RESEARCH PROJECT

LING 1000
Language in U.S. Society
Prof. C. W. Raymond
RESEARCH PROJECT
1. Topic
The purpose of this research paper is to allow you to pursue an interest that you have related to
Language in U.S. Society. We will touch on several topics in class and in our readings, but of
course there is much more out there than we can discuss in a single course. This project is therefore
meant to provide you with an opportunity to delve more in depth into a topic that you are passionate
about, and synthesize some of what is known about it.
Some possible general topic ideas include (
but are certainly not limited to):
Language and performance
Language and music
Language in a specific social institution (e.g., healthcare, classrooms, 911 calls, etc.)
Language socialization in the U.S.
A non-English language in the U.S.
A specific ‘non-Standard’ or regional dialect/variety of English (one that we didn’t touch
on in class) in the U.S.
Language contact in the U.S.
Language mixing and/or code-switching in the U.S.
Language and migration to/from the U.S.
Language education in the U.S.
Bilingual education in the U.S.
…and many, many others!
Each of the topics above is very broad, so you will need to narrow down an interest within the
topic of choice: What are you interested in
within the topic of bilingual education, for example?
Make sure that what you’re proposing to write about fits within the overarching theme of
‘Language in the United States’, as that is of course the scope of our course.
Have a different idea? Great! Talk to the professor or your TA about it! Just make sure it’s
not something we’re already going to be doing in class in a later week.
Your specific topic must be approved by your TA, so get that approval sooner rather than
later!

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2. References
You need a minimum of five (5) academic sources for your paper. This means academic journal
articles, academic book chapters, etc. This does NOT mean Wikipedia, newspaper/magazine
articles, random websites, etc. (although such sources may be included
in addition to the academic
ones, if they’re relevant to your topic). The reason for this is simply that academic sources undergo
an extensive peer-review process which checks the quality of the information in the article; other
sorts of sources don’t have such a process, and so the quality of the information in them is often
suspect.
Your TAs will talk about how to find/assess sources in your Week 1 Recitation Section. If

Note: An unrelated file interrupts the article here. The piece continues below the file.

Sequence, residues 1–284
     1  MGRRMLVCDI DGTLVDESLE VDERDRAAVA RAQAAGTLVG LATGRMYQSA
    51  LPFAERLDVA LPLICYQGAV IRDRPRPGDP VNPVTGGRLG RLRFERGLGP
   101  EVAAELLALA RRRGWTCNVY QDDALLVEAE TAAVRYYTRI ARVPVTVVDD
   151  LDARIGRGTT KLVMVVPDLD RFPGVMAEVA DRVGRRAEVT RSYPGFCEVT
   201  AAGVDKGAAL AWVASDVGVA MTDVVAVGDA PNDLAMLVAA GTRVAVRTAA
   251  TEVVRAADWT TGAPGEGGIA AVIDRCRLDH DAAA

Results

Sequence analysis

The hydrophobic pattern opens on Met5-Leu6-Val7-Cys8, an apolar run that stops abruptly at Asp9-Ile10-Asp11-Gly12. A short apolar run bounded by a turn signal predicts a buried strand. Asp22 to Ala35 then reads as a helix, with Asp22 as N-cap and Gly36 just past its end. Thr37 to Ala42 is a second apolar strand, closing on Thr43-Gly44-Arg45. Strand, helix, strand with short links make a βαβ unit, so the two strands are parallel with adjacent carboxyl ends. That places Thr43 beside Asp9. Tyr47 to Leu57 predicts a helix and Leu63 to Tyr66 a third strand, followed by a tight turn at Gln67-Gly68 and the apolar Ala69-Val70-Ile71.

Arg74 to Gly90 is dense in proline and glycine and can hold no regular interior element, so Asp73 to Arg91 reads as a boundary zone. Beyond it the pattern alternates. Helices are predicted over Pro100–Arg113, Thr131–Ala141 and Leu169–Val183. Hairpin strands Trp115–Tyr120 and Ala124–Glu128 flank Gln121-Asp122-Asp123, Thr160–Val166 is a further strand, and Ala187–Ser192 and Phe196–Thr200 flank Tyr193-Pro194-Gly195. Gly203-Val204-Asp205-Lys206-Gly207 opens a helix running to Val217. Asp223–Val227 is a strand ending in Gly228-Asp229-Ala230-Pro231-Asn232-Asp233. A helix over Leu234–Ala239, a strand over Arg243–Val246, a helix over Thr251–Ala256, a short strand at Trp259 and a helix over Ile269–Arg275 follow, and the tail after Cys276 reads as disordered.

you are unsure if a source is sufficiently academic, please consult with your TA.
Some journals that routinely publish work about different facets of Language in U.S. Society
include (but are certainly not limited to):
American Ethnologist
American Speech
Anthropological Linguistics
Applied Linguistics
Communication Monographs
Discourse and Society
Discourse Processes
Discourse Studies
Gender and Language
Intercultural Pragmatics
International Journal of the
Sociology of Language
Journal of Communication
Journal of Language and Social
Psychology
Journal of Linguistic Anthropology
Journal of Pragmatics
Journal of Sociolinguistics
Language
Language and Communication
Language and Education
Language and Linguistics Compass
Language in Society
Language and Speech
Multilingua: Journal of CrossCultural and Interlanguage
Communication
Pragmatics
Research on Language and Social
Interaction
Social Psychology Quarterly
Symbolic Interaction
Text & Talk
Google Scholar is a good place to start looking for sources.
Articles already assigned for class don’t count toward your 5 articles. But of course you can feel
free to cite them as well if they’re relevant!

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3. Requirements
Proposal: Due Friday, October 4th in your Recitation Sections (Week 6)
An informal, one-page (double-spaced) summary of what you plan to do.
Be sure to list the citation information for the five (5) academic articles you
plan to use. This will give your TA a chance to let you know if one or more
of them isn’t actually an appropriate source, suggest some other potentially
relevant sources, as well as give you feedback on your overall plan. If you
have any questions, feel free also to include those in your Proposal as well.

Final Paper: Due Wednesday, December 11th, in Lecture (last day of lecture)
No late projects will be accepted.

7-9 pages, double-spaced, Times New Roman, plus a Works Cited page
(The format of the Works Cited page doesn’t matter – MLA, APA, etc. – as
long as all the information is there so your TAs can find the articles
themselves, if necessary.)
The exact structure of your paper will largely depend on the specific topic
you choose. What you do NOT want to do is simply write 5 big, long
paragraphs summarizing each of your 5 sources. Rather, you should attempt
to
weave your sources together in some way, creating a concise overview
of your particular topic for your reader.
You should not be afraid to think critically about your selected articles.
Just as you’re doing with your Canvas blog posts, feel free to disagree with
something that an author says, and explain way. Do two of your articles
contradict each other in some way? Explore that. Might a claim that an
author makes be different in a different context? How so? Did one of your
authors skip straight from point A to point C without explaining point B,
and do you find that a bit suspicious?
In short, the goal of this project is for you to
actively engage with some
research in an area that interests you—not simply ‘regurgitate’ what others
have said without thinking for yourself.
4. Grade Breakdown
The paper is worth 20% of your final course grade, broken down as follows:
Proposal: 3%
Final Paper: 17%